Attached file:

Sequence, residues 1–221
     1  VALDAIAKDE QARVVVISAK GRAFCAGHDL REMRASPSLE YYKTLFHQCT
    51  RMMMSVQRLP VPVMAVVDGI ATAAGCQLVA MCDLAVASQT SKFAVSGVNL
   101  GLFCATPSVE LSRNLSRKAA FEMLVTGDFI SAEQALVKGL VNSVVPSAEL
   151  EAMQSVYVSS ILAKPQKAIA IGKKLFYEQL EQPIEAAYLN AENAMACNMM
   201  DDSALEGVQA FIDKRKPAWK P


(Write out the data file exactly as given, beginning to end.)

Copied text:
Sequence, residues 1–221
     1  VALDAIAKDE QARVVVISAK GRAFCAGHDL REMRASPSLE YYKTLFHQCT
    51  RMMMSVQRLP VPVMAVVDGI ATAAGCQLVA MCDLAVASQT SKFAVSGVNL
   101  GLFCATPSVE LSRNLSRKAA FEMLVTGDFI SAEQALVKGL VNSVVPSAEL
   151  EAMQSVYVSS ILAKPQKAIA IGKKLFYEQL EQPIEAAYLN AENAMACNMM
   201  DDSALEGVQA FIDKRKPAWK P